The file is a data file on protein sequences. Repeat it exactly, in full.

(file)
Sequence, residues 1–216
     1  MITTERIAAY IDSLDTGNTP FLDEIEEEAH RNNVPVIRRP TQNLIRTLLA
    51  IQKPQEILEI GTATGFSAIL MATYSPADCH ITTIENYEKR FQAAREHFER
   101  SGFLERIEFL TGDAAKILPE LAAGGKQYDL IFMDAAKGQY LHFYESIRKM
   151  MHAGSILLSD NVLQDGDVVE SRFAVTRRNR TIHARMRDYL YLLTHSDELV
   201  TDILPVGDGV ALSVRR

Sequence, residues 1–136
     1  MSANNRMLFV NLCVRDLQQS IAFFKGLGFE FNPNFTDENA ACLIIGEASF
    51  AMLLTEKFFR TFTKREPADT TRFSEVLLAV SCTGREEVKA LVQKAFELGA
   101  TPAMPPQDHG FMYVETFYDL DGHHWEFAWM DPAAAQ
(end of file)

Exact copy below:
Sequence, residues 1–216
     1  MITTERIAAY IDSLDTGNTP FLDEIEEEAH RNNVPVIRRP TQNLIRTLLA
    51  IQKPQEILEI GTATGFSAIL MATYSPADCH ITTIENYEKR FQAAREHFER
   101  SGFLERIEFL TGDAAKILPE LAAGGKQYDL IFMDAAKGQY LHFYESIRKM
   151  MHAGSILLSD NVLQDGDVVE SRFAVTRRNR TIHARMRDYL YLLTHSDELV
   201  TDILPVGDGV ALSVRR

Sequence, residues 1–136
     1  MSANNRMLFV NLCVRDLQQS IAFFKGLGFE FNPNFTDENA ACLIIGEASF
    51  AMLLTEKFFR TFTKREPADT TRFSEVLLAV SCTGREEVKA LVQKAFELGA
   101  TPAMPPQDHG FMYVETFYDL DGHHWEFAWM DPAAAQ